Reviews that mention George Freeman

January 26, 2016

George Freeman/Chico Freeman

All in the Family
Southport S-SSD 014

Chico Freeman/Heiri Känzig

The Arrival

Intakt Records CD 251

Sessions involving fathers and children or siblings are common enough in improvised music. But All in the Family is one of the few whose chief protagonists are a nephew and his uncle. Then again like the Midwestern individuality that produced figures like Saul Alinsky and Ernest Hemingway – not to mention a Blues variant and the Association for the Advancement of Creative Musicians (ACCM) – this isn’t unexpected. MORE

January 1, 2016

NPR’s 10th Annual

Jazz Critics Poll Ballot

Ken Waxman (The New York City Jazz Record, Jazz Word)


  1. Roscoe Mitchell, Celebrating Fred Anderson (Nessa)
  2. Daniel Carter-William Parker-Federico Ughi, Navajo Sunrise (Rudi)
  3. François Carrier-Michel Lambert-Rafal Mazur, Unknowable (Not Two)
  4. Anna Webber, Refraction (Pirouet)
  5. Tim Berne, You've Been Watching Me (ECM)
  6. Evan Parker, Seven (Victo)
  7. Samuel Blaser, Spring Rain (Whirlwind)
  8. Akira Sakata-Giovanni Di Domenico-John Edwards-Steve Noble, Live at Cafe Oto (Clamshell)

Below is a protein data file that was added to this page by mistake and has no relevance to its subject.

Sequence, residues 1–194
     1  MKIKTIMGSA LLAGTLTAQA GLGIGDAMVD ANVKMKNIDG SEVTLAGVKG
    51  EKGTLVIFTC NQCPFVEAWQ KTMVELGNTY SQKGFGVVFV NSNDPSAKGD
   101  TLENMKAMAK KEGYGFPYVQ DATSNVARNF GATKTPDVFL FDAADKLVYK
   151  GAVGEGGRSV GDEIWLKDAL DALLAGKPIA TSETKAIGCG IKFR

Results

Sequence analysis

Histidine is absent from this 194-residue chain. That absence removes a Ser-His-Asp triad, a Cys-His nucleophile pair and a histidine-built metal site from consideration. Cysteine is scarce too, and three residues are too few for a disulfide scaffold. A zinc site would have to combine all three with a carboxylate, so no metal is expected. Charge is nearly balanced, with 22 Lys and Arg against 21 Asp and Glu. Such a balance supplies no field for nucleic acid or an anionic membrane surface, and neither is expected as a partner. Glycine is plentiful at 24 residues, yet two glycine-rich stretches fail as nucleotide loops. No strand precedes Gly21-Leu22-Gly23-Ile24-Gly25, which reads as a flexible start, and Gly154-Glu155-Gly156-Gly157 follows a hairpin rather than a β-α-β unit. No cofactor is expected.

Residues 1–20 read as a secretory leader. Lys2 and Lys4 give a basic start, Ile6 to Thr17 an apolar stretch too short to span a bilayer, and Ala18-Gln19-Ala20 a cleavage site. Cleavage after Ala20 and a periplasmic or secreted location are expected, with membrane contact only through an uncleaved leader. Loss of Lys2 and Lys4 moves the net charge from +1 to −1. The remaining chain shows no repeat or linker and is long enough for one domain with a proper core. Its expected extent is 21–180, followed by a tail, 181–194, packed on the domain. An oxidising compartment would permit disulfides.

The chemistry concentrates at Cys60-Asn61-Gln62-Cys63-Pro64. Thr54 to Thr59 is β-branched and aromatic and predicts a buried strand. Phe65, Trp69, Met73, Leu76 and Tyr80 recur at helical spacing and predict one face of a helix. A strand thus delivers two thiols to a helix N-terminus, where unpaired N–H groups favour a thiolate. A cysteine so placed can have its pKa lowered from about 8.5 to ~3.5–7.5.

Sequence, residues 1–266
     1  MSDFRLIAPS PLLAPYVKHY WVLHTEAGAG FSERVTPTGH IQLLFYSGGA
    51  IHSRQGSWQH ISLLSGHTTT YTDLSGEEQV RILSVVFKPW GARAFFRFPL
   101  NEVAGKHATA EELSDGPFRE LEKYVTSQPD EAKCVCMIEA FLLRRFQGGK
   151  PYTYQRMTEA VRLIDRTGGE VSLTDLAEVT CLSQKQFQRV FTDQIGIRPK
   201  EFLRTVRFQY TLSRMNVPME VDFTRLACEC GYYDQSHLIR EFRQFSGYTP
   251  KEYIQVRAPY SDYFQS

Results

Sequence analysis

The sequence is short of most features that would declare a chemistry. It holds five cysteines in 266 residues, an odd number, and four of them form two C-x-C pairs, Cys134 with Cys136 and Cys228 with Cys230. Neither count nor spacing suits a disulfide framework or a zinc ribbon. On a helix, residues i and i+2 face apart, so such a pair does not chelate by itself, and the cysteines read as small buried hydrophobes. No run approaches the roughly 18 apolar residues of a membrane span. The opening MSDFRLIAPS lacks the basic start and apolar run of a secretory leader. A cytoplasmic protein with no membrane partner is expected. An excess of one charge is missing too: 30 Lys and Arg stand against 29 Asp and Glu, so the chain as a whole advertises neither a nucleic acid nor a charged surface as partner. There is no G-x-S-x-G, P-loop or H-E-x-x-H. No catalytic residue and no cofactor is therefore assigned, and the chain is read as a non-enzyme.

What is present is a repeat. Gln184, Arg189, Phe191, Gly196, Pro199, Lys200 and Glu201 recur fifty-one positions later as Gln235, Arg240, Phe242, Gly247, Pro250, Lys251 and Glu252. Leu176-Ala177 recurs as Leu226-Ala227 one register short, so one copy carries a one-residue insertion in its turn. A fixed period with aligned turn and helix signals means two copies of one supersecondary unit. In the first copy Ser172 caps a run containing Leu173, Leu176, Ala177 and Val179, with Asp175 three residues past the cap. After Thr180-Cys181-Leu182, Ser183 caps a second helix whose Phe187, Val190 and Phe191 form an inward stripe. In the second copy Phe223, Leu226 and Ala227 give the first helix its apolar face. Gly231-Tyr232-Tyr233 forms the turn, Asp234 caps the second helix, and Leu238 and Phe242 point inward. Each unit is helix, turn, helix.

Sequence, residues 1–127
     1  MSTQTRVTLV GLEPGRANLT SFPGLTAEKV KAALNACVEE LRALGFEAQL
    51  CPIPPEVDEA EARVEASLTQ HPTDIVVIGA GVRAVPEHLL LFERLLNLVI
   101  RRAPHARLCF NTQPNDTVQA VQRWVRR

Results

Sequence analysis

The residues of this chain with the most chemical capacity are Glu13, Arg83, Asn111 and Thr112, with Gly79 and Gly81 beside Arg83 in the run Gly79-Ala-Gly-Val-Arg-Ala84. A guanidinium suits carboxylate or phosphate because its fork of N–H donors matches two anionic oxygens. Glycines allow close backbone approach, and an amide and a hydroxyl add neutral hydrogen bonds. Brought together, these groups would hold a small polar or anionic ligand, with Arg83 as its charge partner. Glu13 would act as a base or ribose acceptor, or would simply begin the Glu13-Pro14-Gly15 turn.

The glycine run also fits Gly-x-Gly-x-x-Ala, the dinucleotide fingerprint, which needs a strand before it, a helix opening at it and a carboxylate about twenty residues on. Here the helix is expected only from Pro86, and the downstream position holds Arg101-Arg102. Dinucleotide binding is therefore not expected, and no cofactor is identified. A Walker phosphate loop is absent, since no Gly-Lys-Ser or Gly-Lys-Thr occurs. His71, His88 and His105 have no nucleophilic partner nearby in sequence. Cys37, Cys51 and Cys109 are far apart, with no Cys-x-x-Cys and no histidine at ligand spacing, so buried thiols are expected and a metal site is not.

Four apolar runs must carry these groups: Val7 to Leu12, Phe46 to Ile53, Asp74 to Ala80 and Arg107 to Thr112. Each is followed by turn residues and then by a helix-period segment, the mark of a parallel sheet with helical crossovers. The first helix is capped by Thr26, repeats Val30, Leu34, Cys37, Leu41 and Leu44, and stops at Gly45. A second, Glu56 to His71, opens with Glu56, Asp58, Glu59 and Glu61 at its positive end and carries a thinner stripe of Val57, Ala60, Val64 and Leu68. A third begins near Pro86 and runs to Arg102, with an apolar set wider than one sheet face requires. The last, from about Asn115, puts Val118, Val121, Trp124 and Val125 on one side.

9. James Falzone & the Renga Ensemble, The Room Is (Allos Documents)
  10. George Freeman & Chico Freeman, All in the Family (Southport)

November 8, 2013


George Freeman
By Ken Waxman

Over the years he’s played with Gene Ammons, Charlie Parker, Johnny Griffin and Richard “Groove” Holmes, composed a couple of funky jazz hits and still gigs frequently at 85, yet if Chicago-based George Freeman is known in jazz, it’s as the last remaining jazz-playing Freeman Brothers.

Baby brother of the three siblings, that included Drummer Bruz 1921-2006) and tenor saxophonist Von (1922-12012), he’s also the uncle of saxophonist Chico Freeman. Freeman says without boasting, but with no false modesty “God gave me an extremely different type of talent, but I don’t think I’ve been properly heard”. MORE

July 8, 2009

Red Holloway

Go Red Go!
Delmark DE 585

Eventually and conclusively class wins out.

Never a top-ranked saxophonist at any point during his more than 60-year-career, tenor and alto man Red Holloway is still able to turn out first-class CDs without compromising his integrity. Consistency and professionalism are his watchwords. Take as evidence this disc recorded last year with a Chicago organ combo, when Holloway was a mere 82.

A Chicago native who has long lived in Los Angles, Holloway epitomizes the musician as workhorse. Possessed of a gritty tone and an unerring rhythmic sense, he has gigged with almost everyone in music or showbiz world from blues pianist Roosevelt Sykes to rock-blues star John Mayall; and from vocalist Joe Williams to fellow saxophonist Sonny Stitt. Although he was a studio player, led night-club house bands and backed vocal groups, in the jazz world he’s probably best-known for his stint with organist Brother Jack McDuff alongside George Benson. MORE